I'd like to take a brief moment to introduce our newest feature here at Nerds of a Feather. By now you've seen our "Microreviews", which is our take on the review format while acknowledging that it is notably shorter than a full on proper review. We'd like to take that one step farther with our new "Nanoreview" format. Here we will focus on three* books / movies / etc which we would still like to talk about, but perhaps not with the longer format of a proper microreview. Hence, the nanoreview.
*for the sake of holding format, today we're going to count Matt Wallace's Sin du Jour novellas as just one thing.
Wallace, Matt. Envy of Angels. [Tor.com Publishing, 2015]
Wallace, Matt. Lustlocked [Tor.com Publishing, 2016]
Let's not mess around or bury the lede here: Matt Wallace's Sin du
Jour novellas are two of the most whacked out, amazing, balls and
ovaries to the wall, freakishly imaginative, gloriously wonderful stories I've read. They're friggin delights, people. You should read them. Envy of Angels requires the team to prepare a dish like non other, one that has a very distinctive flavor. Lustlocked, on the other hand, brings us a goblin / human wedding where the Goblin King is exactly who you think he might be. Wallace writes with incredible audacity and bitingly funny humor. Sin du Jour is not to be missed.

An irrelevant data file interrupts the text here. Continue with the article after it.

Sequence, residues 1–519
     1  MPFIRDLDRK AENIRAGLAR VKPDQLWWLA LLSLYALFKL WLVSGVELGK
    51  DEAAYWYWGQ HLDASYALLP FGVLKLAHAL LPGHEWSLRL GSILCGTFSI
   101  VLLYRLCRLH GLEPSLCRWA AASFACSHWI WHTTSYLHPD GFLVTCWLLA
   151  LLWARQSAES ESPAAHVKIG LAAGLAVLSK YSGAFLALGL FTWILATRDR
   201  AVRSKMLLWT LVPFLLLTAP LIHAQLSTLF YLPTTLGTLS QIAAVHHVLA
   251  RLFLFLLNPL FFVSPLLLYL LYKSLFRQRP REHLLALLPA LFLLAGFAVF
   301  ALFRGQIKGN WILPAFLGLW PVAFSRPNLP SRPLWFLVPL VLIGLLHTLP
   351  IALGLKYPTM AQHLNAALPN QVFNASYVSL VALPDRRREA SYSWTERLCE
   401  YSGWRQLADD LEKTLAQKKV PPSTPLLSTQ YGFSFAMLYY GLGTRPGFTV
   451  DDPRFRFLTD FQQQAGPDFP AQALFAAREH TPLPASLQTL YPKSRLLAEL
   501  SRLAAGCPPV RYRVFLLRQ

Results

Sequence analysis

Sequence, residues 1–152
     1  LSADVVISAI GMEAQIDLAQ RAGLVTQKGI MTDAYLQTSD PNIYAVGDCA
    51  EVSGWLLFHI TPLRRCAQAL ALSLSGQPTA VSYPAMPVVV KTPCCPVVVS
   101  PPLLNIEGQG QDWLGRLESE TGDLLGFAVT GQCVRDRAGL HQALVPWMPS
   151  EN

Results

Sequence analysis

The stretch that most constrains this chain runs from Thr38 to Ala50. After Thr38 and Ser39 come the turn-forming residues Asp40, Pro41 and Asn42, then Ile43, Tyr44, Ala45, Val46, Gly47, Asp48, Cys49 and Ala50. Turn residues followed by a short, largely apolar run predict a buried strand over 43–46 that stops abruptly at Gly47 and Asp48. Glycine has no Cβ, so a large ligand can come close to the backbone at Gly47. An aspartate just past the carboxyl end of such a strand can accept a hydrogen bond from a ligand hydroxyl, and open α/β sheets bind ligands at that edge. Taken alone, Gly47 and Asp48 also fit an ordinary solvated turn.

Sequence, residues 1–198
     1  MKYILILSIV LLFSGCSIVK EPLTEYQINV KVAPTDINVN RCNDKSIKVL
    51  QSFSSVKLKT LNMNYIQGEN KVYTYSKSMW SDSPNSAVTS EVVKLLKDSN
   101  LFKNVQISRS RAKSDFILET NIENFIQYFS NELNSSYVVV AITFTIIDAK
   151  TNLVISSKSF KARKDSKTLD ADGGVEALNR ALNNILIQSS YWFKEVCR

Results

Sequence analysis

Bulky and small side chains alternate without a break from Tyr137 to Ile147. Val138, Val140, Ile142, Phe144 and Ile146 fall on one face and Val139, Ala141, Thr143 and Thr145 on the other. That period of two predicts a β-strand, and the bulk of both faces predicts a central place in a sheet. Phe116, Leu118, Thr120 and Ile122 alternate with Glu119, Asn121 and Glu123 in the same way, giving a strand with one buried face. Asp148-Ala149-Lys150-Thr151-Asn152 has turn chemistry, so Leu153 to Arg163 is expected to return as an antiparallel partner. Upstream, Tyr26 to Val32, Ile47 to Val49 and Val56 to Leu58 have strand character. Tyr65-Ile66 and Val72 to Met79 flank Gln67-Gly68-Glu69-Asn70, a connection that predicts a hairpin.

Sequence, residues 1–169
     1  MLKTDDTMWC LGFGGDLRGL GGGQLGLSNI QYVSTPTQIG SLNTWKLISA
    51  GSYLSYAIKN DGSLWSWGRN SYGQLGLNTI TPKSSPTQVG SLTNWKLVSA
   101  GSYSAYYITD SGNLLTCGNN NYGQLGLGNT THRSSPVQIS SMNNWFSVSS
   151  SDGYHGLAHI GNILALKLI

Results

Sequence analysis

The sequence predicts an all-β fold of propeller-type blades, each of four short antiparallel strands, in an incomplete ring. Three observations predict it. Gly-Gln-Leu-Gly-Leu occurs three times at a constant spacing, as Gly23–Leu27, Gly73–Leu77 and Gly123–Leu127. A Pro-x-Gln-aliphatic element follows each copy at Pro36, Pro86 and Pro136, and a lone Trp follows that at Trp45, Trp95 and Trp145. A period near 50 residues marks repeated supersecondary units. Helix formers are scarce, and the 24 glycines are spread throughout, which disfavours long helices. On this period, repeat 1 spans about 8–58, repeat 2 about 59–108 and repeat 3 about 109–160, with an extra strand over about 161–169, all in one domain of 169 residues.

Envy of Angels: 9/10
Anders, Charlie Jane. All the Birds in the Sky. [Tor, 2016]
Publishing does not seem to have the thing the film industry does where the movies expected to contend for awards are most often released in the last quarter of the year, even just in a couple of select theaters so as to qualify for that year's Academy Awards. Seldom does a movie premiere in January and manage to be recognized by the Academy the following year. Even so, there is still a tendency to say in reference to a novel, "we'll still be talking about this at the end of the year when it comes to awards or best of lists" All the Birds in the Sky is that sort of novel, published in January and putting a stamp on the entire year that it must be considered as one of the year's best. It's about magic versus technology, about growing up, about alienation and finding someone or something to connect with, about optimism amidst growing despair. All the Birds in the Sky is wonderful.
Sanderson, Brandon. Perfect State [Dragonsteel Entertainment, 2015]
Each of is the hero of our own story, right? That's one of the ideas Sanderson is playing with in Perfect State, a weird blending of science fiction and fantasy where in some future of ours we all have our own virtual worlds to conquer, built for our individual happiness and there is no need to interact with anybody, ever. Sanderson has so many fantastic ideas to build worlds and stories around, but there's something about the execution of this one that just falls flat.
POSTED BY: Joe Sherry - Writer / Editor at Adventures in Reading since 2004, Nerds of a Feather contributor since 2015. Minnesotan.